After the seeds are removed the cotton is put up into bales weighing about five hundred pounds each, and is then ready for shipping. When these bales are received at the factory the cotton is so closely matted together that it must be broken up or loosened. This is done in the blending room where it is first run through heavily weighted and spiked rollers which pull the cotton apart. It is then blended or mixed to make it of uniform quality. After this it is taken to the carding room. Here the fibers are drawn parallel to one another and bits of leaves and unripe fibers removed, when it is put through the drawing frame, consisting of a pair of rollers. These parallel, untwisted fibers are now called “slivers.” From the drawing frame these “slivers” go to the slubbing machines where it is lightly twisted and wound on bobbins. This process is repeated on similar machines each one drawing the thread out and twisting it a little more, until it is finally ready for spinning.
Two systems of spinning are in use at the present time, ring spinning and self-acting mule spinning. The former is done mostly by women and children, and produces a hard, round irregular yarn. The latter machines, operated only by men and very strong women, are complicated, but produce an exceedingly soft and fine yarn.
The thread used for sewing and for the manufacture of lace is made by twisting several fine threads together. Sewing thread is usually composed of from six to nine threads spun separately and then twisted into one. Thread is sometimes passed very rapidly through a flame which burns off the fuzz making it very smooth.
Three operations are necessary in the manufacture of cloth; First, the separation of the warp threads on the loom, so that the shuttle containing the woof can pass through. Second, the movement of the shuttle, back and forth, among the warp threads. Third, the beating up the woof.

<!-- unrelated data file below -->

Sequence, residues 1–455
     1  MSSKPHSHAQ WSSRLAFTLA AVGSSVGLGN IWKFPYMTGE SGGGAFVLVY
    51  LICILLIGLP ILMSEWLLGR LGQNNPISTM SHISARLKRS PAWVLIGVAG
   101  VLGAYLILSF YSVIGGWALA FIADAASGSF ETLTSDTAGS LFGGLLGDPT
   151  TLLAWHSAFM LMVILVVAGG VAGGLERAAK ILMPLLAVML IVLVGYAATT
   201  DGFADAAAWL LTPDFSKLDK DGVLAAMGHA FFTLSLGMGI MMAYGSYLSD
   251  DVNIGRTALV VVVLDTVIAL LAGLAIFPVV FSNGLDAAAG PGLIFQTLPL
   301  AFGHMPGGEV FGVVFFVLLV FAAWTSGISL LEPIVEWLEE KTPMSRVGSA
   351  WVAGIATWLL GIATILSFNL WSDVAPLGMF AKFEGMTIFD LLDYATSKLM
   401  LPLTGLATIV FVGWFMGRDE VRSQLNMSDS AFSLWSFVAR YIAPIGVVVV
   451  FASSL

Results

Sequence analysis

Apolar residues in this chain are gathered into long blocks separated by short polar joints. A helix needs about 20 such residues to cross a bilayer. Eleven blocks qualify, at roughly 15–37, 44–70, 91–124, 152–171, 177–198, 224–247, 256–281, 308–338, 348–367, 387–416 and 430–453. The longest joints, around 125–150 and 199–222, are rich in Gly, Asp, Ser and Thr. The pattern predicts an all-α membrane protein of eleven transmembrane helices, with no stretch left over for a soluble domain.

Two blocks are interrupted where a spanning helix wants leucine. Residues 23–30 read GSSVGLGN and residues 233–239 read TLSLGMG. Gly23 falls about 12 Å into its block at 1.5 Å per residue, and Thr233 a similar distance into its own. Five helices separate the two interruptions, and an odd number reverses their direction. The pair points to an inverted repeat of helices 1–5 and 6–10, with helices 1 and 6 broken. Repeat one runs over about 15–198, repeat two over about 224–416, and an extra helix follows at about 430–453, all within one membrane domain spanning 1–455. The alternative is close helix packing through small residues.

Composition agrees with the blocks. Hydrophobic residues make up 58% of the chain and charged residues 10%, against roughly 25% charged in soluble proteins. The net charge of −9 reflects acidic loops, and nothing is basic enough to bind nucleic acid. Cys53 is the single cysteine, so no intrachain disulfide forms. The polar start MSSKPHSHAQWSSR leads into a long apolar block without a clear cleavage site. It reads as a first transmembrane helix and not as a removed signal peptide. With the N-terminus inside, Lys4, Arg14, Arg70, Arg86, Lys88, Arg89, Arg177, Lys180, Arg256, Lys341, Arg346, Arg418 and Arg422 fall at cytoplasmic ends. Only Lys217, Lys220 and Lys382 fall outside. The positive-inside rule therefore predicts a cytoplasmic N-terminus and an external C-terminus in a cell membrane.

The fibers of flax are spun and woven into a fabric called linen. This is one of the most ancient industries known to man. Linen is often mentioned in the Bible and the ancient Egyptians wrapped their mummies in this fabric. It is said that the finest linen of the present day looks coarse beside that from the Egyptian looms in the days of the Pharaohs. The Hebrew and Egyptian priests wore garments made of this fine linen.
Flax grows from two to three feet high, and has a blue flower. A field of flax in blossom is very beautiful.
While it is grown extensively in many parts of Europe, Asia and America, the soil and climate of Ireland, France and the Netherlands are especially adapted to its growth, and it is in these countries that it reaches its greatest perfection.
The fiber of the bark is the part of the plant used in the manufacture of cloth. Linseed oil is expressed from the seed.
The Preparation of the Fiber
When the plant is ripe it is pulled up by the roots and beaten to loosen the seeds which are then shaken out. Next the stems are steeped in soft water and afterward allowed to ferment. They are then dried and passed between fluted rollers which breaks the woody part of the stems which are again beaten to remove this woody part from the fiber. The fiber is then made into bundles and sent to the mill to be spun, where it is first roughly sorted, the longest and best portions being separated from the short raveled ones. These inferior portions are called “tow.”